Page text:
Who knew that 16th Century Scotland was so very much like our own time and place? At the rather grim court of the Scottish Queen Mary (Saoirse Ronan), we encounter an unexpected ethnic diversity (there are nobles of color) and a surprisingly up-to-date view of gender. (Addressing a transvestite man cavorting among the ladies of the bedchamber, Mary says, "Be whoever you would be with us. You make for a lovely sister.")
Maybe this is the way it was back then—I haven't read Professor John Guy's biography of Mary Stuart, upon which Beau Willimon (House of Cards) based his screenplay for Mary Queen of Scots. But it is a historical fact that Mary never met the English Queen Elizabeth I, her cousin and reluctant antagonist—and yet the two women do confront one another in this movie. Which is fine by me, since the scene in which they finally come face to face, in a room that's oddly but dramatically filled with wafting white curtains, is the best scene in the picture.
Until that point, which comes toward the end of the movie, we spend most of our time with Ronan's Mary—a spunky teen on first sighting, newly arrived at Edinburgh's Holyrood Palace after being largely raised in France—with intermittent cutaways to the court of Elizabeth (Margot Robbie) down in England. This way of structuring the story may have been necessary, but it's frustrating: when your cast includes two actors of Ronan's and Robbie's gifts, you want to see them working off each other. (Also frustrating is the movie's production design, which has the virtue of being insistently suggestive of its period—lots of gray stone castle walls and dim interiors—but also the drawback of a mounting monotony.)
Although they appear separately for most of the movie, Rona and Robbie are both compelling on their own. Mary, a Catholic returned to Protestant Scotland to claim her throne in the face of a resistance led by beardy religious firebrand John Knox (David Tennant), is unambiguously defiant. Since she has a persuasive claim to the English throne as well, she's also a major concern for the Protestant Elizabeth, who is held to be an illegitimate ruler by her nation's Catholics.
There's a lot of that history stuff, no surprise. But the director, English theatre veteran Josie Rourke, making her first feature, uses the complex tale of Mary's inescapable doom as a ground for lowkey observations. Although the female protagonists here are both monarchs, Rourke's visual compositions—showing each queen surrounded at most times by male courtiers, many of them devious—wordlessly demonstrate how constrained their power really is. (The director also creates memorable images of Elizabethan menstrual and childbirth practices; and Robbie—a paragon of artistic commitment—spends most of the movie obscured beneath an impasto of facial blisters, to depict the aftermath of Elizabeth's bout with the then-common scourge of smallpox.)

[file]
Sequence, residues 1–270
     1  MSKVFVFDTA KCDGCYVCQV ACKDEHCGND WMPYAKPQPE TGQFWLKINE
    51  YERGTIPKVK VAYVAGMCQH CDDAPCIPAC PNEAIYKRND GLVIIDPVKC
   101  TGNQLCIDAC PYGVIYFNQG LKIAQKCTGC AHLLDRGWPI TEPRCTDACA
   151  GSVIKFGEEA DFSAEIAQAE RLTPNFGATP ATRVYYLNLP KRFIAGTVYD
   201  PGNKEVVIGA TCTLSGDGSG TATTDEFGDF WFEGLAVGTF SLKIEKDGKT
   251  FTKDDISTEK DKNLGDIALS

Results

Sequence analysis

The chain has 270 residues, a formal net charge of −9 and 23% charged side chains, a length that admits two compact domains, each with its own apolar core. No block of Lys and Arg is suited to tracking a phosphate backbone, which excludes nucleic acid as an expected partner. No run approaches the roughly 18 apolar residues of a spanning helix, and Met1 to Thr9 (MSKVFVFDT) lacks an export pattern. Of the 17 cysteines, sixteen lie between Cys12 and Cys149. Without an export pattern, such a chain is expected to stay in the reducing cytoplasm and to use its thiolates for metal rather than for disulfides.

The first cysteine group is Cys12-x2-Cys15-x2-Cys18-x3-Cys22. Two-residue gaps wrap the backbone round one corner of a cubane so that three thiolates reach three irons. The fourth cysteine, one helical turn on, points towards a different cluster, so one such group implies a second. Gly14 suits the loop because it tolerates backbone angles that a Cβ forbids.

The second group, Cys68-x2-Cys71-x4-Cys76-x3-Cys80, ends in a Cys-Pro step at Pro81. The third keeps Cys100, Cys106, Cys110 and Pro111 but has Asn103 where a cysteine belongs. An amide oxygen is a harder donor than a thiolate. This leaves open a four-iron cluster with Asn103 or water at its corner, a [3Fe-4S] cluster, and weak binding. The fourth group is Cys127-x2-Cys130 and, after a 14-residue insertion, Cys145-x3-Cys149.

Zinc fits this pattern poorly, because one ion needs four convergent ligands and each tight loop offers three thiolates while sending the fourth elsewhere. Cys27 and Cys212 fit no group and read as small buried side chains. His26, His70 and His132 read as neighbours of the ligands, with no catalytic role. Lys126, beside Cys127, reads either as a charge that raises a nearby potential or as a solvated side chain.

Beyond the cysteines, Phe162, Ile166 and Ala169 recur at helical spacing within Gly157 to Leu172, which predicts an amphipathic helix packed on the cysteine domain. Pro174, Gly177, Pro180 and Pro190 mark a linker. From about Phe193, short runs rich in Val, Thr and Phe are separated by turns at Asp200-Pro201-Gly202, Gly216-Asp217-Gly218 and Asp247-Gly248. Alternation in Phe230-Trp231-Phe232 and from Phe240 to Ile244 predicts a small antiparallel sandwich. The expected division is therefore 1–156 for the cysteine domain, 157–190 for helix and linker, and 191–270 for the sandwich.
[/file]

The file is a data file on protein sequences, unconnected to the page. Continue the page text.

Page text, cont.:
Mary was already once-widowed (her very brief marriage to the French King Francis II ended when he did, after contracting a brain abscess). Now she is determined to remarry and produce a royal heir—which would be another threat to Elizabeth, who has no husband or children and appears quite content in their absence. Mary settles on Lord Darnley (Jack Lowden)—a treacherous worm, as it turns out. She finds him in bed with the aforementioned transvestite, but it doesn't matter: she manages to get pregnant by him anyway. "With Heaven's blessing we bring another Stuart into this world," she says, "to rule over Scotland and England." (This in fact is what happened, although too late to bring Mary any joy.)
The two queens occasionally communicate by letter. "We both have nobles who would have us deposed," Mary says in one. After an advisor warns her that "the people believe you are a traitor and a whore," and it becomes clear that the end of her Scottish reign is at hand, we hear Elizabeth musing to one of her own counselors, "Are we to do nothing as my sister is deposed?" But this reg al felicity has limits. When Mary flees Scotland to seek refuge in England, the cautious Elizabeth orders her arrested and keeps her imprisoned for the next 19 years, before having her beheaded at Fotheringhay Castle in 1587, at the age of 44. You may not pretend to be surprised by this.